From the Publisher

Alanson B. Houghton—American industrialist, politician, and diplomat—was the world's most influential diplomat during the "New Era" of the 1920s. Houghton, who served as ambassador to both Germany (1922–1925) and Great Britain (1925–1929), offers a unique window into the formation and implementation of American foreign policy. This fascinating new text by Jeffrey J. Matthews provides a clear and concise account of Houghton's diplomatic experience and consequently a fresh assessment of U.S. foreign policy during a pivotal decade in world history.

As the leading ambassador in Europe, Houghton played a key role in the major diplomatic achievements of the era, including the Dawes Plan for reparations, the Locarno security treaties, and the Kellogg-Briand peace pact. While Hougton's significant contributions to these international accords is fully explored, the major theme of this book is his emergence as chief critic of U.S. foreign policy within the Harding and Coolidge administrations.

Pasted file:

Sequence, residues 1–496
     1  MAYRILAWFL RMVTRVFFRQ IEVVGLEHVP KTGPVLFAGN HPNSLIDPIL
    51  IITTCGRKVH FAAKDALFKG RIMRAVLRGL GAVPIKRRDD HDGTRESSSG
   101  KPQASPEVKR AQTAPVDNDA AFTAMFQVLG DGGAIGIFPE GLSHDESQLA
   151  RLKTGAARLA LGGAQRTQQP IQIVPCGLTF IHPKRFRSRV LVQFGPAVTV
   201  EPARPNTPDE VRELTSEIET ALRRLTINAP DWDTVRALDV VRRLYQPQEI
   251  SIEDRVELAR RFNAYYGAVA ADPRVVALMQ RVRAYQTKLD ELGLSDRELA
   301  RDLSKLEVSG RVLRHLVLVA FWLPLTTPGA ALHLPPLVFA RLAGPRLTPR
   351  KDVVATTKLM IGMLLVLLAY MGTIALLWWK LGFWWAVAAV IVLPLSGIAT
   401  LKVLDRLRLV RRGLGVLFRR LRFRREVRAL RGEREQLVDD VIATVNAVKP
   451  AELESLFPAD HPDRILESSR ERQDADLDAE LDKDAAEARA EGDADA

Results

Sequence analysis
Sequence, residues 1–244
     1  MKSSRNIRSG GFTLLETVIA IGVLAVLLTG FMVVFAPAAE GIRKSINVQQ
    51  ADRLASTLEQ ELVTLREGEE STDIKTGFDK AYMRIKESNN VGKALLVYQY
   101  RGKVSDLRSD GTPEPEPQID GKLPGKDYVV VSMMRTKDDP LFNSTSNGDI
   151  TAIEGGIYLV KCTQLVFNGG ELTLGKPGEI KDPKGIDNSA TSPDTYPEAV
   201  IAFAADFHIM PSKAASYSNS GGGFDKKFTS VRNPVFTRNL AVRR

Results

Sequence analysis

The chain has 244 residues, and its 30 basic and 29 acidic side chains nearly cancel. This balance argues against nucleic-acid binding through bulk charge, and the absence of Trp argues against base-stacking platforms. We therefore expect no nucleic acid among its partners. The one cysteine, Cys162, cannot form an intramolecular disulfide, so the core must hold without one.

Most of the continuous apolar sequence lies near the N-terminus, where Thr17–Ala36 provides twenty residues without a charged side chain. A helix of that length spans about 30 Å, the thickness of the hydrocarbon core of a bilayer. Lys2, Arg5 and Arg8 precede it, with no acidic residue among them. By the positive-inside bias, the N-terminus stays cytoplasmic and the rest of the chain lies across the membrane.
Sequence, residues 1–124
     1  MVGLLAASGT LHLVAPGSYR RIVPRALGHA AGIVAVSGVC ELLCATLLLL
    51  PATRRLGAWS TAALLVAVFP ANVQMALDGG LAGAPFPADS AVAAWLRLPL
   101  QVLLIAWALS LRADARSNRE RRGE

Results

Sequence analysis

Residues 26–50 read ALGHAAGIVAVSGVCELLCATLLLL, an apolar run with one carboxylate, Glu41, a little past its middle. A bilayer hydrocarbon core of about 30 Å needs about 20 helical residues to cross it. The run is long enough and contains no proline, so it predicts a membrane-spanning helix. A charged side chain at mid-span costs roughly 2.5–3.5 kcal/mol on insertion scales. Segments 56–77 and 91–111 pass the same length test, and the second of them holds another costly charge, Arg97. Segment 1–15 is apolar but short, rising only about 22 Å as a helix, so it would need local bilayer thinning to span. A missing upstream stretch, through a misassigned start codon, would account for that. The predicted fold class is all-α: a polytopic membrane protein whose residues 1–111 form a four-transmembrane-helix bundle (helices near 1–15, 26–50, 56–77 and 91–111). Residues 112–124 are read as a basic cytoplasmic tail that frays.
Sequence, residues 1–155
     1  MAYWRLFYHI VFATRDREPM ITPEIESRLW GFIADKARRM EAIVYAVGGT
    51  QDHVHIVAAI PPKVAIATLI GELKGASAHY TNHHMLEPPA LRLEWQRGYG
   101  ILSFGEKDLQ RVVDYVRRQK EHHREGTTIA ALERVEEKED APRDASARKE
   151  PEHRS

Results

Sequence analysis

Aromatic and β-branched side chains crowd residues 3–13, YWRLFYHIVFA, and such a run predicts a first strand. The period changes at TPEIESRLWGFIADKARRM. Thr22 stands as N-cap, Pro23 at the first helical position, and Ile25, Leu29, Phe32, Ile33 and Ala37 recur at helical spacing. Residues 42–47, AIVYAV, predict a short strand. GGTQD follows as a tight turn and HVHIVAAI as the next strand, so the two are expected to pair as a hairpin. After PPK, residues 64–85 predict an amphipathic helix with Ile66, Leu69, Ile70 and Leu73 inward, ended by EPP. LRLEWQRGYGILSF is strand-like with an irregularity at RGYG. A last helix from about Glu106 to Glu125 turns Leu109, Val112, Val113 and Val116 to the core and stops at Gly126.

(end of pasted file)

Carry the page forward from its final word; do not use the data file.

Alanson B. Houhgton: Ambassador of the New Era offers students a concise historical narrative and a substantive reevaluation of 1920s American foreign policy. This text will help students understand why the United States failed to establish a stable world order during the New Era and additionally sheds light on the key historiographical themes of isolationism, new-imperialism, and corporations. For students taking courses on the Gilded Age, the interwar years, and U.S. foreign policy, this new volume will be an invaluable resource.
Published: RowmanLittlefield on
ISBN: 9780742569713
List price: $40.99
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